11. ^Ramisetti, Kirthana (January 30, 2015). "Scott Foley sustains foot injury during shirtless 'Scandal' scene". NY Daily News. Retrieved March 7, 2015.
  12. ^"Just got to surprise all the visiting TV critics here at #HTGAWM with a sneak peek at the first 6 minutes of this week's #Scandal!". Twitter. January 26, 2015. Retrieved January 27, 2015.
  13. ^"Can't tell you what happens on #scandal or @shondarhimes will kill me, but I gasped at least 3 times during the first act". Twitter. January 26, 2015. Retrieved January 27, 2015.
  14. ^"Best surprise: @shondarhimes gifting us with the first act of #scandal's premiere. It's an anxiety attack in the best possible way". Twitter. January 26, 2015. Retrieved January 27, 2015.
  15. ^ abcKondolojy, Amanda (January 30, 2015). "Thursday Final Ratings: 'Grey's Anatomy', 'The Big Bang Theory' & 'How to Get Away With Murder' Adjusted Up". Archived from the original on February 1, 2015. Retrieved January 30, 2015.
  16. ^ abBibel, Sara (February 3, 2015). "ABC Surges 27 Percent and Claims 4 of the Week's Top 10 TV Series in Adults 18-49". TV by the Numbers. Archived from the original on February 3, 2015. Retrieved February 3, 2015.
  17. ^ abKondolojy, Amanda (January 30, 2015). "ABC Dominates First Night of February Sweep". TV by the Numbers. Retrieved January 30, 2015.[dead link]
  18. ^Bibel, Sara (February 3, 2015). "TV Ratings Broadcast Top 25: Super Bowl Tops Adults 18-49 & Total Viewers for the Week Ending February 1, 2015". TV by the Numbers. Archived from the original on February 3, 2015. Retrieved February 3, 2015.
  19. ^Bibel, Sara (February 17, 2015). "'The Big Bang Theory' Notches Biggest Adults 18-49 & Viewership Increase, 'Hart of Dixie' Top Percentage Gainers in Live +7 Ratings for Week 18 Ending February 1". TV by the Numbers. Archived from the original on February 18, 2015. Retrieved February 17, 2015.
  20. ^ abAlston, Joshua (January 29, 2015). "Scandal: "Run" - On second thought, do worry 'bout a thing, mama". The A.V. Club. Retrieved January 30, 2015.
  21. ^Piester, Lauren (January 29, 2015). "Scandal Just Delivered One of The Most Heartbreaking & Heart-Racing Episodes of TV We've Ever Seen". E! Online. Retrieved March 1, 2015.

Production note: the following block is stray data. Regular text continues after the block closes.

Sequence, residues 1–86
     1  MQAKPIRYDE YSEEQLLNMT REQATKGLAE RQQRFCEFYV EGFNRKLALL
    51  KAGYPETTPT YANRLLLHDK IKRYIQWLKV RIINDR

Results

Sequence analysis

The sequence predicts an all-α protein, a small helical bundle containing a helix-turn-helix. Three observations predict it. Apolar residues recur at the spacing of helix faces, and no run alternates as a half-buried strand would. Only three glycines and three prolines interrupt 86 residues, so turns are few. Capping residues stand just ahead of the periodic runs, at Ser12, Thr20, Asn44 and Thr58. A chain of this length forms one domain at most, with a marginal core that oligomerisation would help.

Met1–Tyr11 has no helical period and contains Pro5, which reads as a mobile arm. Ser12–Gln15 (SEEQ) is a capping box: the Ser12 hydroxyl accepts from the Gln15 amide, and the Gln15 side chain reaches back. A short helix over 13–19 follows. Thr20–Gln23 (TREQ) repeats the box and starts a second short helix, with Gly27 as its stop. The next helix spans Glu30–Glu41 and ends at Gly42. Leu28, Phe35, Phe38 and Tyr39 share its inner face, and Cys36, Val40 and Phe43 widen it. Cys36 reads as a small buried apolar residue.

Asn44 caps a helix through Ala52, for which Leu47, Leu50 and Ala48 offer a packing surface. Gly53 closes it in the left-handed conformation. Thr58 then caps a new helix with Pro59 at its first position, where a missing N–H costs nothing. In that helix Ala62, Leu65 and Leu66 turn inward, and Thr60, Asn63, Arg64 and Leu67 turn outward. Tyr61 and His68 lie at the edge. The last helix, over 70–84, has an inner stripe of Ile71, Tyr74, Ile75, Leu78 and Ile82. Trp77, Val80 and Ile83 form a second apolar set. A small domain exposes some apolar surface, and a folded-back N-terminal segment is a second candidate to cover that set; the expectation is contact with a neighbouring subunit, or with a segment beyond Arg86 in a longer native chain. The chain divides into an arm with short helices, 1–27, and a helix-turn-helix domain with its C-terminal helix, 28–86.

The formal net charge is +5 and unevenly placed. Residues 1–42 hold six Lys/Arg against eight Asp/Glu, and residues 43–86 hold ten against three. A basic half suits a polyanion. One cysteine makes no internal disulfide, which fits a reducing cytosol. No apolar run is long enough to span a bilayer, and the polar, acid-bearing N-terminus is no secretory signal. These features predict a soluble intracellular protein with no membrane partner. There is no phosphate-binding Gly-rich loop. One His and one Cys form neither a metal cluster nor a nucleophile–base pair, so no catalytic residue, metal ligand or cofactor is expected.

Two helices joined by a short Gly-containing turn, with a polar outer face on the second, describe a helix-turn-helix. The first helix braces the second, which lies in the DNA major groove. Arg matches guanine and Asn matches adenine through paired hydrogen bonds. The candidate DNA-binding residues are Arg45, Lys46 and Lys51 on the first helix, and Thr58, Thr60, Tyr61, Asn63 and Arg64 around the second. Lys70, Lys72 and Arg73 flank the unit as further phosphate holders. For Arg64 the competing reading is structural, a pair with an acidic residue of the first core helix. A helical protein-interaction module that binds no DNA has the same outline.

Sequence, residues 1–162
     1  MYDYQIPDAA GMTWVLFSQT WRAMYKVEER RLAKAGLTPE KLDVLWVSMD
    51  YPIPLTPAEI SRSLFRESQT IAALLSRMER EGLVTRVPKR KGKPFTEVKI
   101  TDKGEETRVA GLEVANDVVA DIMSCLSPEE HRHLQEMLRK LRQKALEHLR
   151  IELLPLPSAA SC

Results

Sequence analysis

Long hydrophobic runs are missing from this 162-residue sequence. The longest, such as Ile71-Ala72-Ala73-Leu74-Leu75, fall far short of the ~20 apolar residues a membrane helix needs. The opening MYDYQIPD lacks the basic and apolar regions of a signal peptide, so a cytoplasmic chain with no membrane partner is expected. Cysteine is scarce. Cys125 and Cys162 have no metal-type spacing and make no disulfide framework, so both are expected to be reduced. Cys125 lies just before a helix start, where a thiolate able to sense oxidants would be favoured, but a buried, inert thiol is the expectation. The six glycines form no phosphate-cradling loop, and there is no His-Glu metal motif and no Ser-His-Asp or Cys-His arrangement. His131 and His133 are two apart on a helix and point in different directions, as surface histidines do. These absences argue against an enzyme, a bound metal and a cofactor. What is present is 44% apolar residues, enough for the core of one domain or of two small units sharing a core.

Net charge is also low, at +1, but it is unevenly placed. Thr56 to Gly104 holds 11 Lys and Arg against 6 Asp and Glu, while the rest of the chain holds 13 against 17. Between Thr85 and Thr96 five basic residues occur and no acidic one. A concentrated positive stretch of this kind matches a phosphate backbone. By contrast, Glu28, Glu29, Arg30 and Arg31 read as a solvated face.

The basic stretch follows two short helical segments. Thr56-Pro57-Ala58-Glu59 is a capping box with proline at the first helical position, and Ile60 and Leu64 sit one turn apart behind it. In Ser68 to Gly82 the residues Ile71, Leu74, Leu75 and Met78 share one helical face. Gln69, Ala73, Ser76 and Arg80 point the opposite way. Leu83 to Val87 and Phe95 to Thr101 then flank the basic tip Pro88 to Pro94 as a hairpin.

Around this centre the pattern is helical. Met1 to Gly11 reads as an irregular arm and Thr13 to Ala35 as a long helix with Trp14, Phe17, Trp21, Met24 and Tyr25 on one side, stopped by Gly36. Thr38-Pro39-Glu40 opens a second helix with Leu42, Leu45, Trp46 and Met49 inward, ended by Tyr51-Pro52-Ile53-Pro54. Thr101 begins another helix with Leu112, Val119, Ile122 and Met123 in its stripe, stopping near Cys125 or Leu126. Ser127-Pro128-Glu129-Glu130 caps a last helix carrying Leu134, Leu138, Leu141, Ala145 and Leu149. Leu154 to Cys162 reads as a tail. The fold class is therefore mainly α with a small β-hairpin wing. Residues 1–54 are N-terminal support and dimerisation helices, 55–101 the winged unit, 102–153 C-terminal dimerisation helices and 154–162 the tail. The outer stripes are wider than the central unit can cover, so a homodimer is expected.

22. ^Berman, Judy (January 30, 2015). "'Scandal' Season 4 Episode 10 Recap: "Run"". Flavorwire. Retrieved March 1, 2015.
  23. ^McGhee, Lindsey (January 30, 2015). "Scandal: Run Review". Den of Geek. Retrieved March 1, 2015.
  24. ^Barker, Cody (January 30, 2015). "Scandal "Run" Review: Through the Red Door". Retrieved March 1, 2015.
  25. ^Raines, Leigh (January 29, 2015). "Scandal Season 4 Episode 10 Review: Where is Olivia Pope?". TV Fanatic. Retrieved March 1, 2015.
  26. ^ abRemisetti, Kirthana (January 30, 2015). "'Scandal' Season 4, Episode 10 recap: Kidnapped Olivia Pope is on the 'Run'". NY Daily News. Retrieved March 1, 2015.
  27. ^Butler, Bethonie (January 30, 2015). "'Scandal' recap Season 4 winter premiere: No way out". Retrieved March 1, 2015.
  28. ^Ward, Kat (January 29, 2015). "'Run' - Olivia Pope comes face to face with her kidnappers in the midseason premiere". Entertainment Weekly. Retrieved March 1, 2015.
  29. ^K. Dyson, Cicely (January 30, 2015). "'Scandal' Recap: Season 4, Episode 10, 'Run'". The Wall Street Journal. Retrieved March 1, 2015.
  30. ^Podesta, Virginia (January 30, 2015). "Scandal Season 4 Episode 10 Review: "Run"". TV Overmind. Retrieved March 1, 2015.
  31. ^Henderson, Danielle (January 29, 2015). "Scandal Recap: The Killer Inside". Vulture. Retrieved January 29, 2015.